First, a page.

Based on those data, 5 months later, on September 4, the FDA granted accelerated approval to pralsetinib for adult patients with metastatic RET fusion–positive NSCLC.8 There is 1 difference that I will point out: The FDA approved it in conjunction with the Oncomine Dx Target Test as the companion diagnostic. Selpercatinib, as of today, does not have a companion diagnostic approved, so you don’t have to test with a particular study. I don’t know how strict insurance would be, but there is an FDA-approved companion diagnostic for pralsetinib.

How else would you compare these 2 selective RET inhibitors?

Selpercatinib comes in 40- and 80-mg capsules. If you weigh more than or equal to 50 kg, it’s 160 mg orally twice daily. If you’re less than that, it’s 120 mg; so, a smaller dose compared with pralsetinib, which is 400 mg a day. You have to space that out around food, [which is] not necessarily true for the selpercatinib, but it is twice-a-day dosing. There are pros and cons to both.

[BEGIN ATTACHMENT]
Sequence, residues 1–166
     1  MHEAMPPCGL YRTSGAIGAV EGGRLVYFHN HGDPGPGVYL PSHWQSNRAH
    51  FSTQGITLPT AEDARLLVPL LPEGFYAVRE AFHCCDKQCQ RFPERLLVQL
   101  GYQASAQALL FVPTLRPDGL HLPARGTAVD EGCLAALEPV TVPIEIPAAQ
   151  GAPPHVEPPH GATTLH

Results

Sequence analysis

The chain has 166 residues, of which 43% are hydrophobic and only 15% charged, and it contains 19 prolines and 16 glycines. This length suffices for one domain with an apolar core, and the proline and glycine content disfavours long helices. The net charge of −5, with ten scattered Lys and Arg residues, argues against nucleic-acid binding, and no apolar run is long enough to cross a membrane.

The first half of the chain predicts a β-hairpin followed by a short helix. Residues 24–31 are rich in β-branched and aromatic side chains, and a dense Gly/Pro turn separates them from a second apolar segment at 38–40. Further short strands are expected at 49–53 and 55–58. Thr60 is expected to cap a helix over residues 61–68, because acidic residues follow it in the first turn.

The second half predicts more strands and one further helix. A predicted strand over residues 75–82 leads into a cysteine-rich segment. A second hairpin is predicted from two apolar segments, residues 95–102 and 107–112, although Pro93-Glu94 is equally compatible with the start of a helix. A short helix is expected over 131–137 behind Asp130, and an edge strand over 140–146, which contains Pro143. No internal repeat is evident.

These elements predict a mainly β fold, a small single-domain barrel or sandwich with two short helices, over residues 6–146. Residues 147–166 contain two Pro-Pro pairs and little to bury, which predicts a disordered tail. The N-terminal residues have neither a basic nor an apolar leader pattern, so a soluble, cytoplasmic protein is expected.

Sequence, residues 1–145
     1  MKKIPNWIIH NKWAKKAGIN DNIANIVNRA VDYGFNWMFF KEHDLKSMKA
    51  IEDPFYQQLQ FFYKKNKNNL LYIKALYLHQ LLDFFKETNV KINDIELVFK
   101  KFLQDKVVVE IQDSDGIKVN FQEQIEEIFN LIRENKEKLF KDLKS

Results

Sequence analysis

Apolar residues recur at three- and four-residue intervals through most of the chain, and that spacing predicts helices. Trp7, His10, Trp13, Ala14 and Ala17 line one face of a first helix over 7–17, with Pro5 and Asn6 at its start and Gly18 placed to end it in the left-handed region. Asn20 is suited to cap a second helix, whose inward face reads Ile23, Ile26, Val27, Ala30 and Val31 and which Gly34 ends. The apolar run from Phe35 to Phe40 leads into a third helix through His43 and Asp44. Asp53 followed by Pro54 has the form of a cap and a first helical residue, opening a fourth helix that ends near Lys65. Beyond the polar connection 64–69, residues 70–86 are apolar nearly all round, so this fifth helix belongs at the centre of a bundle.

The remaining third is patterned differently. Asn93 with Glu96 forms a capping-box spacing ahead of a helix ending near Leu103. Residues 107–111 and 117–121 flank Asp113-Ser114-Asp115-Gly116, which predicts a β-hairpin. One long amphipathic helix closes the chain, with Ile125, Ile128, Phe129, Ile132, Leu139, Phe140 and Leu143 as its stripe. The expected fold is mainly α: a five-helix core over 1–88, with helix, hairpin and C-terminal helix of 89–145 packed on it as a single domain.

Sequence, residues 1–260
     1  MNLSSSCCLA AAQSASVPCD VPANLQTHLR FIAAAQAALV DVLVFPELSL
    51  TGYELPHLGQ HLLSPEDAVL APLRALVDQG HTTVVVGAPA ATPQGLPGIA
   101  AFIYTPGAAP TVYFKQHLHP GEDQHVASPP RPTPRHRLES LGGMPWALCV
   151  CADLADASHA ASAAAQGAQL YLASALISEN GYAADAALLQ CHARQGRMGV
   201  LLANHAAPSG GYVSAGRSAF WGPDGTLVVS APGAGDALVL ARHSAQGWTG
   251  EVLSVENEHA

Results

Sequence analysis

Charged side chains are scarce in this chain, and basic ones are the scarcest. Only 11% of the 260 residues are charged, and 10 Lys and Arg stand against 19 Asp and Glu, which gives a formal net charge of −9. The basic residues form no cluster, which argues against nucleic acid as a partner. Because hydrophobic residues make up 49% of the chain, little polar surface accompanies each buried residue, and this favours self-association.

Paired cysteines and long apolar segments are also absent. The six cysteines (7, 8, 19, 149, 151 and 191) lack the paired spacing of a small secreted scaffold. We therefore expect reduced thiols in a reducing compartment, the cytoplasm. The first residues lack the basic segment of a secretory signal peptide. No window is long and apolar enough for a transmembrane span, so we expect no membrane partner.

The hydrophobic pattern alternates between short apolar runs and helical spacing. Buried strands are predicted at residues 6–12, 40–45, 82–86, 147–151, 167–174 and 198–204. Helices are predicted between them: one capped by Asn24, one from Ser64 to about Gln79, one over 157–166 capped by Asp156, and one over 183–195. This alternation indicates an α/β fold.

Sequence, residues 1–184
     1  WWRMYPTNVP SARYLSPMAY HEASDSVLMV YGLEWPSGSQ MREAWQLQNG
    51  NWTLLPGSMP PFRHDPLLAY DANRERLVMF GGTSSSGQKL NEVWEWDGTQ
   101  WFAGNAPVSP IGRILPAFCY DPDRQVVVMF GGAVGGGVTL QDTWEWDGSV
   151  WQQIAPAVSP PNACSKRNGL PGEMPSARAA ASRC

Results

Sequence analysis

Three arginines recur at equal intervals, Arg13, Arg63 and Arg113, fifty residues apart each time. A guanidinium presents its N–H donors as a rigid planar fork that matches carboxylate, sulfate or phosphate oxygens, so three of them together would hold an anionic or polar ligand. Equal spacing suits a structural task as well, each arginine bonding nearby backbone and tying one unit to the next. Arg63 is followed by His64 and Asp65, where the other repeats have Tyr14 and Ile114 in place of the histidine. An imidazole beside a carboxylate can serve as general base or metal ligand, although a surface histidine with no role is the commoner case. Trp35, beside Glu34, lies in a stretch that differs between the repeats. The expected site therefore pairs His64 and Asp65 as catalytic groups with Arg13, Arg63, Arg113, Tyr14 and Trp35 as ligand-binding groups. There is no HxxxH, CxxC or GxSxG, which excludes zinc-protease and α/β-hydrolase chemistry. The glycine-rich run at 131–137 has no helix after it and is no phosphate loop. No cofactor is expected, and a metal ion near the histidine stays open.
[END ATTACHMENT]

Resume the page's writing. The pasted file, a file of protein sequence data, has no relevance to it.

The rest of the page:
The warnings and precautions: Selpercatinib has a lot of CYP4A interactions, so you have to watch out for that. There were some QTc prolongations, and there were some hypersensitivity reactions, usually well managed with steroids, that could be treated through. Pralsetinib, though, had some pneumonitis that was seen with it, as well. You look at all those toxicities, you look at the dosing, and you see a treatment- naїve ORR of 85% versus 66%, a previously treated ORR of 64% versus 55%, and intracranial ORRs of 91% versus 56%—again, small numbers. Data are evolving, but these are the numbers we have right now; so, 2 great options for our patients with RET-fused lung cancer.

REFERENCES